When the Novel Becomes Mundane

steakpotato

I’d like for you to meet steak and potato, our trustworthy and hospitable neighborhood rocks.

Once upon a time, these rocks held great fascination for my two lively boys. We would go on a walk and kill a good 15 minutes stopping to visit steak and potato. On our street you can head in two different directions. The boys always chose the way that would get them to steak and potato the fastest.

These large rocks reside in the neighbor’s yard at the end of our street. Located right next to the road, we brazenly trespassed on their property I suppose. When you are the mom of littles, you’ll take risks to get a  few extra moments of time your children are well occupied.

The boys would climb up and down, and then jump from one rock to the other as they got a little older. We found out from another neighbor that she and her children, now grown, had given the rocks these nicknames years ago. Apparently I’m not the only mom willing to take a risk for a little extra sanity in her day.

Now, steak and potato have sort of been forgotten. Given the choice of left or right when we leave our driveway, they will more often choose right so they can walk by their friends’ house around the corner in the opposite direction. We can pass steak and potato without even stopping most times, although Austin will still take a few moments now and then to get in a few jumps. The whole scenario kind of reminds me of The Giving Tree by Shel Silverstein. I wonder what those rocks would say if they could talk? And although the boy forgot the tree at times, I bet his mother never did.

What do we do when the novel becomes mundane? I’m particularly thinking of this as Easter approaches on Sunday. As a child, Easter held so much wonder for me. And not just because of Easter eggs and baskets. I loved getting up at the crack of dawn to attend the early service at church and have breakfast. We usually had some kind of special music and it just felt like there was an electrical energy in the atmosphere. The fact that Jesus had risen from the dead left me awestruck.

Unfortunately, the holiday lost some luster when my husband was in ministry. This holiday in particular meant 70-90 hours weeks leading up to the big event. I wouldn’t see him at all on Easter until the morning was said and done. Somehow, I just haven’t quite been able to recapture all of the glory, even now that he’s been out of ministry for 6 years.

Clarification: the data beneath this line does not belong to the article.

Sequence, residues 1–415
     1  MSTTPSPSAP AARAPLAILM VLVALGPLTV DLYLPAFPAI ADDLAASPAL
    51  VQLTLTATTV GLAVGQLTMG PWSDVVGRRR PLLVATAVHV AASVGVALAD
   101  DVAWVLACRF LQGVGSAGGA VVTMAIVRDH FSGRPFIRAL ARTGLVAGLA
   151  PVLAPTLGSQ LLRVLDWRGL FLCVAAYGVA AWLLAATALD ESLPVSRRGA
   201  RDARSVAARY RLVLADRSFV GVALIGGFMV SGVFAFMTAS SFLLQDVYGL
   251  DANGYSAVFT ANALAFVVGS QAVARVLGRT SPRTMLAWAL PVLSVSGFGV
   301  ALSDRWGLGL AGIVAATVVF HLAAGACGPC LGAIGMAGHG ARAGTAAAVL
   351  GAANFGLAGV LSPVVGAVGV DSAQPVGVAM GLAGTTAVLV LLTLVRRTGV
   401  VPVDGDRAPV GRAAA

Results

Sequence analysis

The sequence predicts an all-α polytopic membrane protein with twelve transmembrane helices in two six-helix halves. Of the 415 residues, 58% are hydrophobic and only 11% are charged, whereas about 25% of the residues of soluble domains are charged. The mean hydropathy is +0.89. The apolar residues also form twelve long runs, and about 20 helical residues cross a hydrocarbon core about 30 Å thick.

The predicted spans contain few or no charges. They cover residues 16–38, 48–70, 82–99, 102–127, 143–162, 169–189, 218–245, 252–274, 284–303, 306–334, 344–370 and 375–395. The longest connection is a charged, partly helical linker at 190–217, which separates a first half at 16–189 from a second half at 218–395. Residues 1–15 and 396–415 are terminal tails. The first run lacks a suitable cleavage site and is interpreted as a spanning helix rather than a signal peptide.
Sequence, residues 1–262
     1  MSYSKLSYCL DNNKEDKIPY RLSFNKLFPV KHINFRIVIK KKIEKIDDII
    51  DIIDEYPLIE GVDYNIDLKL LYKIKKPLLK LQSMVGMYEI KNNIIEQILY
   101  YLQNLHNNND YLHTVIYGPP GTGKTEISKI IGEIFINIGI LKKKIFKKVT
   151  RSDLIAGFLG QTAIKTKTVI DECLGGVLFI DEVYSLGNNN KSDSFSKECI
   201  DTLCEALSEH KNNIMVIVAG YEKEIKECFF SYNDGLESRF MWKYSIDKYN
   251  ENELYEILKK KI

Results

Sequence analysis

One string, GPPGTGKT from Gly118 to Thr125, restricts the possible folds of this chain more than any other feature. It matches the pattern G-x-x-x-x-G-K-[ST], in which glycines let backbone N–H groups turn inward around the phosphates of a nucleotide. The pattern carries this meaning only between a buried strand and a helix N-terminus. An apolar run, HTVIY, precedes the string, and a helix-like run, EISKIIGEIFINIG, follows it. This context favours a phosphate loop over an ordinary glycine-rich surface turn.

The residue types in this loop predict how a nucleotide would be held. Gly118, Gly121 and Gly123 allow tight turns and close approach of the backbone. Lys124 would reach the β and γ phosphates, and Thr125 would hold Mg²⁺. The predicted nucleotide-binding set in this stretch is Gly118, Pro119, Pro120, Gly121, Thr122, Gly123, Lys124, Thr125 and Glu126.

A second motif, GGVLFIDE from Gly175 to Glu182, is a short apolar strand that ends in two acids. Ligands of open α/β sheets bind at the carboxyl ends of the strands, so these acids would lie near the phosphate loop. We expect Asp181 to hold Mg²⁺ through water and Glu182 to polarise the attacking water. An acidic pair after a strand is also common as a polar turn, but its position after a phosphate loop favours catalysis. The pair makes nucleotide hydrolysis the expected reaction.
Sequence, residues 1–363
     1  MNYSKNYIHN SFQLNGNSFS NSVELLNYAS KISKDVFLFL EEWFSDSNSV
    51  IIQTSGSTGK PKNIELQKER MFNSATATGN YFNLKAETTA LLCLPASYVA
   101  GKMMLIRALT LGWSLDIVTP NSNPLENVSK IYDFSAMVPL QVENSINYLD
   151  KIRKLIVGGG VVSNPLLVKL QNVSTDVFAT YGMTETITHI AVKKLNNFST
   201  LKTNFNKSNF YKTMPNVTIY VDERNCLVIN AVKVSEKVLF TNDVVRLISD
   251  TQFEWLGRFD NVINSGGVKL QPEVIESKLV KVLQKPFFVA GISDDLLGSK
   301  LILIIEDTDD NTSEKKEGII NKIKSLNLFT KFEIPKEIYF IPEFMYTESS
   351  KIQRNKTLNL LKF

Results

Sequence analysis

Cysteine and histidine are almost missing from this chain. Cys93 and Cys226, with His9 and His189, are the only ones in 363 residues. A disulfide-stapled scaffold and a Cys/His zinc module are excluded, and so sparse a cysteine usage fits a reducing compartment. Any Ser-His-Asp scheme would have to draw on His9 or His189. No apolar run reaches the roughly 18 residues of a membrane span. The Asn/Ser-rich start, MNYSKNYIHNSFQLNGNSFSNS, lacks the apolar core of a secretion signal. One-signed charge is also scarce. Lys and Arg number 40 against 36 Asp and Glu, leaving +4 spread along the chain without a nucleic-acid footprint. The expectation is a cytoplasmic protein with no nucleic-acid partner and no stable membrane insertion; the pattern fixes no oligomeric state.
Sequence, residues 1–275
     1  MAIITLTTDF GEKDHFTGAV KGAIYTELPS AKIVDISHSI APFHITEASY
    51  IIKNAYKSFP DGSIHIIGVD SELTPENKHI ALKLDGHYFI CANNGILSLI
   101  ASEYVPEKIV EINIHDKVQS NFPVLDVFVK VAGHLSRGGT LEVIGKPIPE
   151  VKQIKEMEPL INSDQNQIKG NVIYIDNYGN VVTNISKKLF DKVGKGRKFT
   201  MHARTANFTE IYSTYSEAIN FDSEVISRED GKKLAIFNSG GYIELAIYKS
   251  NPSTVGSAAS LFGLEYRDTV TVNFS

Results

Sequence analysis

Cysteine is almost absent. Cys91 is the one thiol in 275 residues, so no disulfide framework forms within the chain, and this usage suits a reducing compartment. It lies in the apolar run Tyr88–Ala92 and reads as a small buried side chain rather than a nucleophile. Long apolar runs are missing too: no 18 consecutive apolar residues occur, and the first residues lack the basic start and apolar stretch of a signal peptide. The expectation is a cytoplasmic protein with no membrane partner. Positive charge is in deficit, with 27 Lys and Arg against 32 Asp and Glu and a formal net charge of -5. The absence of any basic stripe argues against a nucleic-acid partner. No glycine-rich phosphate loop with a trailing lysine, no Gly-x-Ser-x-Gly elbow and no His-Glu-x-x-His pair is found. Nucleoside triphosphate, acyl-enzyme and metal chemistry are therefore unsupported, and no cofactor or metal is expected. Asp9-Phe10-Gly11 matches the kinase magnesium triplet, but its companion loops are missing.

I have a greater understanding of why Jesus instituted communion. “This do in remembrance of me.” He knew we would need a constant reminder. Because somehow even one of the greatest events in history loses power over us as it becomes more familiar.

I’ve found that serving others helps me regain some of my enthusiasm. The last couple of years my family has helped prepare an Easter dinner for Backstreet Mission, a home for homeless men in our town. I look forward to the time that I can focus on what Jesus did for me by sharing it with others in a tangible way.

Whether it’s Easter, or your marriage, your job, or maybe your home, there are a lot of things in our lives that we can begin to take for granted. Try looking at it through new eyes. What can you do that might renew some of your energy? Plan a special evening for your spouse, reach out to a fellow coworker, repaint a room…you get the picture.

Some things, like steak and potato, we naturally outgrow. Don’t let the important things in life slip through your fingers. Be intentional. Sometimes we have to change things up in order to truly appreciate their value.

Wishing you a blessed Easter season for those of my readers who celebrate. Take some time to look at the day with a renewed outlook. Recapture the wonder in a special way.

“Behold, I make all things new!” Revelation 21:5

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2 thoughts on “When the Novel Becomes Mundane

  1. Oh, media wives. We’re a brave, restless, reckless crew. Thankfully the last few years have been slightly less hectic, but I still look forward to this season with more trepidation than joy sometimes.

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